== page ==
As I work with students in college ministry, I am grieved when I see Christians upset with one another but unwilling to resolve their frustrations in the manner God has prescribed. Yet nothing gives me more joy when I see two students go directly to one another to confess, ask forgiveness, and experience restored friendship as a result.
Blessed Are the PeacemakersJesus said peacemakers will actually be blessed (Matthew 5:9). Yet we do not naturally make peace. When we feel hurt by someone, we may respond in one of these ways:
- Avoidance: We may completely ignore the person, not making eye contact or pretending that we just don't see him or her. There may be an "elephant in the room," but it feels more comfortable to pretend the issue doesn't exist. We brush it under the rug and may even build up walls of bitterness in our hearts. Perhaps we gossip about the person who hurt us, making the issue even more dramatic. Avoidance can be driven by a fear of confrontation.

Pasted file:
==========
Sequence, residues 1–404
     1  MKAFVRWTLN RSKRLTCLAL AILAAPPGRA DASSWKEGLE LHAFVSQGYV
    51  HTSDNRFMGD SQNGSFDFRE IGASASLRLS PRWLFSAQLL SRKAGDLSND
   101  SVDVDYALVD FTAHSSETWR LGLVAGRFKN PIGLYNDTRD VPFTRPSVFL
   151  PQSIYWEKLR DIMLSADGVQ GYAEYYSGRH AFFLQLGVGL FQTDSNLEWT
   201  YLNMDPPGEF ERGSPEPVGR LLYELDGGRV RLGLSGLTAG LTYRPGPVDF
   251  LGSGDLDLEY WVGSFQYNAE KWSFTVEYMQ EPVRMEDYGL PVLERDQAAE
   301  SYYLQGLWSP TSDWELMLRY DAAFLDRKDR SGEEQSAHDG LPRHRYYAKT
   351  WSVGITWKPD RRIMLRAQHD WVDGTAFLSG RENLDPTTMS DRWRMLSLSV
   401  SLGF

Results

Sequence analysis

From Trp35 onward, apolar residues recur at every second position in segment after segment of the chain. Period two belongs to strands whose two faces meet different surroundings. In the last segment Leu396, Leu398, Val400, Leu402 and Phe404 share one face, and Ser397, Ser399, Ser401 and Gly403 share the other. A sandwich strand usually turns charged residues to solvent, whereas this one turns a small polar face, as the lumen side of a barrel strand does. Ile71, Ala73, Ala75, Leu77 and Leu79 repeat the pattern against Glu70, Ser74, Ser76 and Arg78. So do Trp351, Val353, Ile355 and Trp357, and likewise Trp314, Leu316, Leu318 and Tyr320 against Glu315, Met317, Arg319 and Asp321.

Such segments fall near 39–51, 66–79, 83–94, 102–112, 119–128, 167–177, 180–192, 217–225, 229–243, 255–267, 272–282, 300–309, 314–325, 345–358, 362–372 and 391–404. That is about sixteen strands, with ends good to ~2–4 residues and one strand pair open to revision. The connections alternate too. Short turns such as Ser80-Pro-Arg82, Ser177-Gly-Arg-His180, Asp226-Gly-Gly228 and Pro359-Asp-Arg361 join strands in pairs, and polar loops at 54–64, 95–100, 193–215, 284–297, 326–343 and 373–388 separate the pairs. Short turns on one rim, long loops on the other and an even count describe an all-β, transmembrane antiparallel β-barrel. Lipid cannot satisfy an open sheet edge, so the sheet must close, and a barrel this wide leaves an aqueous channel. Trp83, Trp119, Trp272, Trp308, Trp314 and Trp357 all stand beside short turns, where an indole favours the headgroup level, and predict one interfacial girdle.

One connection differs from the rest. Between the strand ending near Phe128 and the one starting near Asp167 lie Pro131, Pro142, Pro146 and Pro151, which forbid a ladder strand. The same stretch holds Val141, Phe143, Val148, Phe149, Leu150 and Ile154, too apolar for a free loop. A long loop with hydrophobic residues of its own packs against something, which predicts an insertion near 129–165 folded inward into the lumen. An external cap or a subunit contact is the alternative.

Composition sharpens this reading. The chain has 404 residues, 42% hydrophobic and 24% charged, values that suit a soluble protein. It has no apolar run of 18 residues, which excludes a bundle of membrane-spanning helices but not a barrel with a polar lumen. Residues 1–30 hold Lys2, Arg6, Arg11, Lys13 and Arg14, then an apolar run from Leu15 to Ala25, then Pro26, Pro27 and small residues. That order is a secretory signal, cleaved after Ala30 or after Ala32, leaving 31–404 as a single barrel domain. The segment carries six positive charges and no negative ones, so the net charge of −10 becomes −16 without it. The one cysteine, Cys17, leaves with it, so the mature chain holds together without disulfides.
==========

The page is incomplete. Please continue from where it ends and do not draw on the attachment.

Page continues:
- Accusation: When we respond with accusation, we aren't afraid to address the ways we have been hurt, but we do it in a way that lacks love and grace. We are harsh and abrasive, coming at the other person with an accusatory tone. Our hearts are far from humble. We have no problem telling the other person that he was completely out of line, essentially saying, "How could you do such a thing?" There is no category for imperfection in our minds. We expect other people never to fail and are devastated when they not only fail but directly harm us in the process. Accusation is often driven by pride and anger.